These types of chimes can be hung on any type of patio, porch, or fence that is close enough for the noise caused by the wind passing through these devices to reach into an area where you do not want birds hanging around anymore.
Noisemakers Wind Chimes
These kinds of chime devices make plenty of noise when there are strong gusts blowing past them.
They are very similar in style and structure to the reflective chimes mentioned above, but they have a completely different purpose of scaring away animals instead of simply causing noise pollution for aesthetics or fun purposes.
Spinner Wind Chimes
These devices are meant to spin around in the wind and create a visual that scares away birds.
They produce no noise, but they offer plenty of movement that birds will avoid because it looks like something dangerous is moving towards them.
In fact, some homeowners have even had success with putting up fake owls near their property lines or on poles where rotating chimes cannot reach from afar.
These kinds of spinner devices can be very decorative too depending upon what materials you choose to buy (Found Some Spinner Chimes HERE)
You may wish to consider buying several of these kinds of chimes to hang up in several different spots around your property, especially if there are various types of trees or plants that birds like hanging out near.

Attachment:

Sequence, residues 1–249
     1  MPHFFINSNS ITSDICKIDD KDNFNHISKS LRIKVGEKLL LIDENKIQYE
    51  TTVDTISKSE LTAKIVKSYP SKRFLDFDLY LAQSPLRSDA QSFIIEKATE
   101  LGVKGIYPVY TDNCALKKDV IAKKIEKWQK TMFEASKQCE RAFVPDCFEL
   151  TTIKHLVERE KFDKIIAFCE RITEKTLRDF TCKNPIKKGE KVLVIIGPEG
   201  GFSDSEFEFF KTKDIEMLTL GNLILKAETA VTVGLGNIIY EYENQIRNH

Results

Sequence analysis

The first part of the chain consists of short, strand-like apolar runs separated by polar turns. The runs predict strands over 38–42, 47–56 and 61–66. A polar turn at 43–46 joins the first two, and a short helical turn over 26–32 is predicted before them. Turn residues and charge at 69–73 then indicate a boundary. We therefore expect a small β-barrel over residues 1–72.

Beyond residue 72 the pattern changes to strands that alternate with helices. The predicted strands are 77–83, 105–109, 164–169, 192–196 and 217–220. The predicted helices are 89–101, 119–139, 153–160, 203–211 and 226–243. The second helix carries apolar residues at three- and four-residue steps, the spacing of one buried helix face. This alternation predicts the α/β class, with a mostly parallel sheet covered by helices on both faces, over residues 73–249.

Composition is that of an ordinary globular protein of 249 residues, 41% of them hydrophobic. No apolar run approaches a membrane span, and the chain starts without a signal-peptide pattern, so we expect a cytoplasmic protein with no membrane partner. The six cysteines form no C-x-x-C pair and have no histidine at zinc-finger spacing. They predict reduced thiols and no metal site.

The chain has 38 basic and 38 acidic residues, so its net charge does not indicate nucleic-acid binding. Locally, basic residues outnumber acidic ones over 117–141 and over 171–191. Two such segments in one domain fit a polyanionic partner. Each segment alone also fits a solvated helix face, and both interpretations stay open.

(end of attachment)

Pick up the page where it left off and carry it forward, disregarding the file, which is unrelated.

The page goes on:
Do Wind Chimes Bother Birds?
Wind chimes can be a nice addition to your lawn or garden, but they may not be so nice for the birds living in those areas.
Some people believe that wind chimes are a huge annoyance and disturbance to birdlife because of their constant noise.
If you don’t want to disturb birds with wind chimes here how:
- Avoid gusty areas
- Keep chimes small
- Let the birds adjust
1. One solution is hanging your wind chime away from their nesting area altogether! If you decide to hang up your beautiful creation near bird nests, make sure it’s far enough away so the birds won’t feel threatened when they hear the sounds around them; at least 30 feet should do the trick!